How Black Youth Can Take Care of Their Mental Health After Racial Violence

By LaKeisha Fleming

Ahmaud Arbery. George Floyd. Daunte Wright. Tyre Nichols. Just reading those names probably made your stomach churn and chest tighten, or brought tears to your eyes. It’s hard to process stories of Black people being beaten, maimed, or killed. And it happens with frightening regularity. 

You brace yourself, because you know more information—or a video—is coming. You already know how it’s going to end, and you know watching it or reading more about it will be traumatic. 

At the same time, you may feel pressure to watch, to be a witness, to not turn away from what is happening to your people and community. 

This is the tug-of-war—between staying up to date with current events and protecting your mental health—that so many Black people face in this world of racial violence and social media. 

How Watching Racial Violence Can Affect Your Mental Health

Reading about racial violence or watching videos and images can lead to feelings of helplessness, frustration, and fear, and have a very real impact on your physical, mental, and emotional health. 

We all know that, but a 2018 study found that when Black people watch the killings of unarmed African Americans, they experience increased fear of being the victim of violence, greater awareness of racism, reduced trust in established social institutions, anger, and flashbacks of their own painful trauma. And those symptoms lingered for months.

So how do you strike a balance that lets you protect your mental health even as you recognize the reality of what is happening? 

Here are 5 things that can help.

Know That You Do Not Have to Read or Watch

It’s OK to choose which content you want to watch or read. If you decide not to, you may wonder, Am I still supporting the fight against racism? Am I still staying up to date with what’s going on? Is it wrong not to watch? Am I being selfish?

Those questions are normal, but you don’t have to watch violent acts to know they are wrong and take action against them. You can still be focused on the mission and support the cause while protecting your own mental health.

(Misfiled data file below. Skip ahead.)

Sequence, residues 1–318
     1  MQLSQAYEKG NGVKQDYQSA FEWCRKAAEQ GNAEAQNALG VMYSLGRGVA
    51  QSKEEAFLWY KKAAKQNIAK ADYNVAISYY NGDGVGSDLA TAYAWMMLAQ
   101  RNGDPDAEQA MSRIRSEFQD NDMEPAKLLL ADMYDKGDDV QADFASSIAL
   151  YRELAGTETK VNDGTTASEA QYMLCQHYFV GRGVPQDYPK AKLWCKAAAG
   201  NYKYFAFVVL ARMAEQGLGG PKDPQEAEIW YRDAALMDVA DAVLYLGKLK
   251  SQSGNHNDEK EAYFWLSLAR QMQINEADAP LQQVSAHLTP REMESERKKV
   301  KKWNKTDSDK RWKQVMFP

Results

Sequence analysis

Pay Attention to How You Feel

If you decide you want to read or watch, pay attention to your reaction and acknowledge what you’re feeling. Pretending you’re OK doesn’t make difficult emotions go away. They have a way of letting themselves out. 

Shock, outrage, disgust, and fear are all normal responses. So are grief and anxiety. And so is feeling numb, which is a way to protect yourself and a byproduct of being repeatedly exposed to something traumatic.

Struggling with those emotions may cause you to feel physically ill, with muscle aches, headaches, and nausea, but processing those feelings helps you release them in a healthy way. 

That could look like writing in a journal, talking out how you feel with a friend or family member, or just letting loose with a long cry. Not only is it OK not to be OK, but realizing that truth also helps you process—and move through—your feelings.

Take a Digital Break

If the temptation to read or watch—or keep reading or watching—is too strong, give yourself a break from your computer and phone. Taking several minutes to an hour or more can give you a chance to do a mental reset. Redirect your focus while you take a break. When you decide to go back to social media, make a plan to protect yourself.